WEAKNESSES
1. Networking Efforts
Lack of sufficient linkages and collaborative arrangements among CSOs.
Too much diversity in activities; should focus on priority issues.
Weak commitment to working together to achieve goals.
Not enough pooling of resources -- money, skills, training resources.
High level of mistrust among CSOs.
Low level of “collective responsibility” – people must feel responsible for each other.
Reluctance to share power.

2. Resource Mobilisation Capabilities
Lack of resources for program sustainability (fierce competition for scarce resources).


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Volunteer core too small, given the volume of CSO work. Volunteer leaders have little time
to devote.
Insufficient financial resources.
Insufficient knowledge, ideas and experience.
Lack of trained community development workers and other human resources.

3. Image – Public and Self
Low self-esteem.
Lack of desire to improve status.
Lack of awareness concerning the concept of civil society (what really is civil society?).
Dependence on media for image creation and enhancement.
Many CSOs are status/class-oriented or not youth-friendly.
Insufficient public awareness concerning the work of CSOs.

4. Advocacy
Insufficient public education and advocacy.

5. Leadership and Program Management Capacity
Weak civic interest.
Uneducated leadership – weak knowledge base. Illiteracy is a problem for some CSO leaders.
Inability to identify and address the problems of community members in a really meaningful
way.
Lack of leadership skills.
Poor management skills, always reacting to problems rather than being proactive.
Lack of inter-personal skills.
Community members in need of personal and social development.
Lack of administrative capacity, at the community level, to mobilise the community to attract
funding agencies.
Absence of legal status – most CSOs are not registered with the Registrar of Companies.
Lack of accountability and transparency.
Unmanageable scope of work.
Inability to mobilise CSO constituents around common concerns in order to take appropriate
action to solve problems and achieve development goals.

6. Information Management
Insufficient exchange of information among CSOs and between CSOs and other sectors.
Insufficient information to facilities recruitment of members (e.g., how to join service clubs).
Lack of awareness and access to inform, especially on funding.

7. Government Relations
Insufficient CSO involvement in the decision-making of government.

8. Vested Interests
Expectations of personal gain on the part of some CSO personnel.




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VI. RECOMMENDATIONS & NEXT STEPS

ADA intends to use the report to build on the strengths and weaknesses identified,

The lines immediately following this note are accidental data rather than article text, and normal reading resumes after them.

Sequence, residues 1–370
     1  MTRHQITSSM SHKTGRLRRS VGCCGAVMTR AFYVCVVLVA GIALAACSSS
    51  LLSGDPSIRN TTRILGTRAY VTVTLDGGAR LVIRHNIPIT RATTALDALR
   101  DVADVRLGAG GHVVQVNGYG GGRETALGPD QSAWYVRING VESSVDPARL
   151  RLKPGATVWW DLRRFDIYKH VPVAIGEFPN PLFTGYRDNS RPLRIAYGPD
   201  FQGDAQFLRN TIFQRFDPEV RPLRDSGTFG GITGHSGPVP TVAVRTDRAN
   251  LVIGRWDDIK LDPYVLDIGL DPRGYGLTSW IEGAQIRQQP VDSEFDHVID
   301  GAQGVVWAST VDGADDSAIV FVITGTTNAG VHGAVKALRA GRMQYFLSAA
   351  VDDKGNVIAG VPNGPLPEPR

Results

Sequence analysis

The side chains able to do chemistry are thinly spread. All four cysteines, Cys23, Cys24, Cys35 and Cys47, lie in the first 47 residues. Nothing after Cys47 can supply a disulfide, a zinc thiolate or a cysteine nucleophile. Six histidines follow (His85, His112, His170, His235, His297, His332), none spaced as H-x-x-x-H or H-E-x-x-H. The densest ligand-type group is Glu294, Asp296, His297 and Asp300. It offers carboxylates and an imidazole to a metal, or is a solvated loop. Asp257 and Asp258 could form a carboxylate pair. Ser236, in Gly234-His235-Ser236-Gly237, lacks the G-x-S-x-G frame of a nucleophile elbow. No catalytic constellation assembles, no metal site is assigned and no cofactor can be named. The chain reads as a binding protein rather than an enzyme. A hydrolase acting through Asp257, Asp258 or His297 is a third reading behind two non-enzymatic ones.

particularly by raising awareness among the state and donor agencies to lend further support
to CSOs. It is further hoped that the report would help CSOs to understand the importance of
improving their operations and the need for institutional strengthening. In strengthening the
capacity of CSOs, the objectives are to identify means to help them improve their technical
capacity and to give them practical tools and approaches, more specifically, skills in project
planning, implementation and evaluation, administrative procedures, management of
information systems and social entrepreneurship. For maximum effectiveness, training
programs should teach skill, knowledge and attitudes (competencies) that lead to superior
performance in a job. The challenge is to bring the most creative organisational development
products and tools, to provide information on how to improve management, operations,
communications and resources. There is the realization that CSOs want to take responsibility
for their own growth and evolution.

There is also the need to identify revenue-generating opportunities for CSOs.
Entrepreneurship offers the opportunity to create value that is both tangible and intrinsic.
Entrepreneurial CSOs create value for customers by providing products and services that
people really want and need. They create value for suppliers and vendors who benefit from
interaction with their organizations. They create value for members by providing
performance-based jobs and in many cases by sharing equity (in the company). And they
create value by generating wealth for their various communities and for the investors in their
ventures.

One of the obvious pressures on CSOs is their over-dependence on ad hoc funding. Typically,
this would be funding received for specific projects (with short-term objectives) without any
guarantee of further funding from the same source or for the same purpose. Typically also,
                                                                                 s
such project funding may represent a significant proportion of an organization' budget (even